Below is my sermon from October 1, 2017, on Matthew 21. I find this parable–which is only found in Matthew–so interesting because it leaves so much unsaid. We don’t know any of the characters’ motivations, thoughts, or even the reactions after the fact. What do you think led them to make the choices they did?
Grace to you and peace from God our Father and from the Lord Jesus Christ. Amen.
When Jesus entered the temple, our reading begins today. The isn’t the first time he has entered the temple lately. Just a few verses before our reading today, Jesus enters the temple a first time—listen to what happened then:
“Jesus entered the temple and drove out all who sold and bought in the temple, and he overturned the tables of the money-changers and the seats of those who sold pigeons. He said to them, “It is written, ‘My house shall be called a house of prayer,’ but you make it a den of robbers.”
And the blind and the lame came to him in the temple, and he healed them. But when the chief priests and the scribes saw the wonderful things that he did, and the children crying out in the temple, “Hosanna to the Son of David!” they were indignant, and they said to him, “Do you hear what these are saying?” And Jesus said to them, “Yes; have you never read, ‘Out of the mouth of infants and nursing babies you have prepared praise’?” And leaving them, he went out of the city to Bethany and lodged there.”
Our reading today is the first time Jesus is back in the temple since creating chaos and disruption. Just imagine with me, if someone walked into our church in the middle of worship—not to join us—but to tell us we have made a mockery of Christianity, and to tear down and criticize the things we lovingly care for.
We, too, might ask: By what authority are you doing these things? Who are you to tell us, good people of faith, that we are wrong? Jesus turns the question back to them, though—asking where they think John the Baptist’s authority came from. Their careful deliberation of this question reveals that they are not truly interested in his answer, or even their true feelings. They want to say the right things to keep their positions secure.
Jesus knows that. He tells this parable of the two sons to catch them in their maneuverings. They can say whatever they want, but their actions reveal the truth in their hearts. They did not believe John, and they do not believe Jesus. Actions speak louder than words.
It’s easy to hear this parable and feel superior to the chief priests and scribes, who tried to trick Jesus and got tricked themselves instead. But these scribes and elders aren’t bad people. In fact, the scribes and elders are us. They are religious people.
They are the first-century equivalent of church council, Sunday school teachers, and altar guild. And here comes someone they don’t know telling them everything they do is wrong. They want to do what is right.
But just because we want to do what is right doesn’t mean that’s what always happens. How often are we that second son, who tells his father he will go and work but does not go? Often, our actions do not match our intentions, however good they might be. Things happen.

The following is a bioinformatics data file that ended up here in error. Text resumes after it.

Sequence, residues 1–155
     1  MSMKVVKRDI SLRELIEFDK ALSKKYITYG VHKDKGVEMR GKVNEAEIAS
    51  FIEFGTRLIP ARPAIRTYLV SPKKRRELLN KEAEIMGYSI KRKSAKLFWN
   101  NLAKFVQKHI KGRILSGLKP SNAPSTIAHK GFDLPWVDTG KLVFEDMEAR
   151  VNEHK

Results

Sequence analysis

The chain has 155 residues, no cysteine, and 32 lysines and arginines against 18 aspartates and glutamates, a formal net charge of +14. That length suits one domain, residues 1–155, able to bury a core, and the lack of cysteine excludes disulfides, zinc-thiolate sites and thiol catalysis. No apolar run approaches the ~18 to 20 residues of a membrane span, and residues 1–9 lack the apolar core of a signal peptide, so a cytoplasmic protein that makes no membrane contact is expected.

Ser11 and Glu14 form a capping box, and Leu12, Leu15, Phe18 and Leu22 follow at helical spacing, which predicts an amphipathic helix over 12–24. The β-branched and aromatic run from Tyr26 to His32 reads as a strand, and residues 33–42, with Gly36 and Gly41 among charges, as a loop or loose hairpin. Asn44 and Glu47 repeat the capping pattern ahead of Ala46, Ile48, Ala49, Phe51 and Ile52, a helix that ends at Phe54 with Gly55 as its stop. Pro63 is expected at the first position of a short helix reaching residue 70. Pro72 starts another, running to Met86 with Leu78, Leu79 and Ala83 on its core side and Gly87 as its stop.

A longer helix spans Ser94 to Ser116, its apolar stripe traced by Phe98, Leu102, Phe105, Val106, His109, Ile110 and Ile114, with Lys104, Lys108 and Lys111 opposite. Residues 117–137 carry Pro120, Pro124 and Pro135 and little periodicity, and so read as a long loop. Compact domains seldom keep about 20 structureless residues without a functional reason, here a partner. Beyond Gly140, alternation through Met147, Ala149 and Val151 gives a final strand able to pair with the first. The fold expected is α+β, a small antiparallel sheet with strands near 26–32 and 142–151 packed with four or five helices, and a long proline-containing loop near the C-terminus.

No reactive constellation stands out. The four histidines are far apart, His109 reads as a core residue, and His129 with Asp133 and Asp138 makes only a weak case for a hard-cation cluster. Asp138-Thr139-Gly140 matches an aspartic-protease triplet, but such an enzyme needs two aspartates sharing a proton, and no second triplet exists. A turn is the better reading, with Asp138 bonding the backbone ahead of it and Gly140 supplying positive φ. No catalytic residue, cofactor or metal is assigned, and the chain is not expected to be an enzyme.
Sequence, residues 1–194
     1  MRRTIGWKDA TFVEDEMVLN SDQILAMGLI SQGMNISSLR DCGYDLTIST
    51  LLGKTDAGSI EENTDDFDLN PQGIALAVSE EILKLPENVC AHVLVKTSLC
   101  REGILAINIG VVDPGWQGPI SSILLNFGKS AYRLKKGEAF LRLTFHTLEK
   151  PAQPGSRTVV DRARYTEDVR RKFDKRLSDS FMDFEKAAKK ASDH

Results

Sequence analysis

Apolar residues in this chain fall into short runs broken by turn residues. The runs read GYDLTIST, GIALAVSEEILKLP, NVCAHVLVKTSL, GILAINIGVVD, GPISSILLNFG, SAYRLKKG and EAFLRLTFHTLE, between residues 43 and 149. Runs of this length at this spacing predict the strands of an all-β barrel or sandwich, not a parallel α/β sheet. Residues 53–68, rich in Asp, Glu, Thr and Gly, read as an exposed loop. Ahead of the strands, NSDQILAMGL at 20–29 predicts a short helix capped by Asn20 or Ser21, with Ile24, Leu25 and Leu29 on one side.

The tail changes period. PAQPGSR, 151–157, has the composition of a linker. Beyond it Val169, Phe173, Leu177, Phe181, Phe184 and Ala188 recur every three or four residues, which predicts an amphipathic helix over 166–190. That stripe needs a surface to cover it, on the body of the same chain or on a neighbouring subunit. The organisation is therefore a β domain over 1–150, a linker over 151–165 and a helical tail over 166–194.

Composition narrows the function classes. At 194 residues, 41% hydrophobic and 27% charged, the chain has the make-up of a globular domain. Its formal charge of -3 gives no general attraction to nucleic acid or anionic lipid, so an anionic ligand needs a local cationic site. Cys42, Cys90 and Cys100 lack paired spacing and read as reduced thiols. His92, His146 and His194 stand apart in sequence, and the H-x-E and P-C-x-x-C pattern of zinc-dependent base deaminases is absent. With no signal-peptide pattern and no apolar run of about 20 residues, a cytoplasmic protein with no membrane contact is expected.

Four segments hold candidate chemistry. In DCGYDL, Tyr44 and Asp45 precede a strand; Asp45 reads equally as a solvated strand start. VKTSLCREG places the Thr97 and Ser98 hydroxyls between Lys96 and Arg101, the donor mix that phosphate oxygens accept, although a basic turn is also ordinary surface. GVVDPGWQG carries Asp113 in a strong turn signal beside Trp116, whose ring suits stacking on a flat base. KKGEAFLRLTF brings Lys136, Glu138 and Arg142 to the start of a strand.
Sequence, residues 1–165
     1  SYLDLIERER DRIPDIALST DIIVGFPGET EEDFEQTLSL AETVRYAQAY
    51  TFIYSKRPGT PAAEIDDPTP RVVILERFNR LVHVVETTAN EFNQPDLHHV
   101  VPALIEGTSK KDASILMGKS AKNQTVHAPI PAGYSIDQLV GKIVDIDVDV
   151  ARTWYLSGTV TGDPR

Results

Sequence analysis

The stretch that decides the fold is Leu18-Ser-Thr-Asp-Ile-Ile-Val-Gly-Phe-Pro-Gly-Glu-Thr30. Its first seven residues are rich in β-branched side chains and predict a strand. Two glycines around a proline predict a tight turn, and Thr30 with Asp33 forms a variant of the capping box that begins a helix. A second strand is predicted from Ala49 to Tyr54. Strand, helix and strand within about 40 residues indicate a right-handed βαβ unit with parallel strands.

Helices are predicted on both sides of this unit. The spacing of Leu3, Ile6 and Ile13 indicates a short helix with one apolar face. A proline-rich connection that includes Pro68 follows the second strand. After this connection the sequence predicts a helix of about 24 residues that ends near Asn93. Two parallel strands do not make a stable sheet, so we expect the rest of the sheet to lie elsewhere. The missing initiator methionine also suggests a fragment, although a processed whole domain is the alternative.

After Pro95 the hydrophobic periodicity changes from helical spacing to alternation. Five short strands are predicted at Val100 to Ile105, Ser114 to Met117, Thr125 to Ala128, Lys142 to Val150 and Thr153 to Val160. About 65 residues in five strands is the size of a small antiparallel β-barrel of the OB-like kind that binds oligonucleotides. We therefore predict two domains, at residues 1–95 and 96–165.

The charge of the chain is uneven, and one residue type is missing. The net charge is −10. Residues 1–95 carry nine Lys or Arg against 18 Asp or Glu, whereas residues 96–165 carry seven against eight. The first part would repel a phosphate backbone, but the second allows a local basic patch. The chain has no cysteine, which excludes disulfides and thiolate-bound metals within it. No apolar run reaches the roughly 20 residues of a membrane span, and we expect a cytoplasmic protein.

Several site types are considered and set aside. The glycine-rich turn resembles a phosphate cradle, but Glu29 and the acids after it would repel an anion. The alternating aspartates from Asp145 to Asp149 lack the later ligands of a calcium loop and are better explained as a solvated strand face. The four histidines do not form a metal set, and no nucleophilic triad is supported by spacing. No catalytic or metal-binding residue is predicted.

We don’t know why the second son doesn’t go and work. Maybe something important happened. Maybe something happened to prevent him. Maybe he decided he just didn’t care.
Sometimes, even despite our efforts, we fail to live up to our expectations of ourselves. Sometimes our expectations might be too high. Sometimes we might decide they’re just not worth it. Maybe it’s the little things—saying we’ll meet a friend for coffee and backing out at the last minute, saying that work project is top priority and putting it off, saying we’ll do that chore today and then not following through.
But sometimes it’s bigger things: saying we’re not racist, or sexist, or homophobic, but not calling out the inappropriate joke by a friend. Praying for the poor, or for victims of injustice, but not living in ways that will help them. In both the big and little ways—our actions speak louder than our words, and sometimes we fail to live up to our expectations of who we are.
There is another, though, who doesn’t do what is expected. And that is God in Jesus Christ. Our reading from Philippians, known as the Christ hymn, celebrates the ways that Jesus surprises and confounds our expectations: though he was in the form of God, [he] did not regard equality with God as something to be exploited, but emptied himself, taking the form of a slave, being born in human likeness.
And being found in human form, he humbled himself and became obedient to the point of death—even death on a cross. Therefore, God also highly exalted him and gave him the name that is above every name.
No one expects the God of heaven and earth to come among us in the form of a peasant from a country town. The chief priests and elders certainly didn’t. But God’s reversal of expectations leads to a savior who takes upon himself all of our failings and shortcomings, and gives us back only grace and mercy.
And so Paul exhorts the Philippians, and us, to live out their salvation, to live out that grace and mercy, by having in us the same mind that is in Christ Jesus. Were you the second son, failing to live up to your own good intentions today, or yesterday, or last week? I was, at some points. It’s ok.
Today, each day, presents a new day, a new opportunity, in which God asks us to go into the vineyard and work. To go into the everyday places of our lives and shine God’s light through our words and actions. Are we going to get it completely right? Probably not. But each moment is alive with the promise of God’s grace, with the possibility of what we might do in response to that love. Each moment is an opportunity to go into the vineyard. Amen.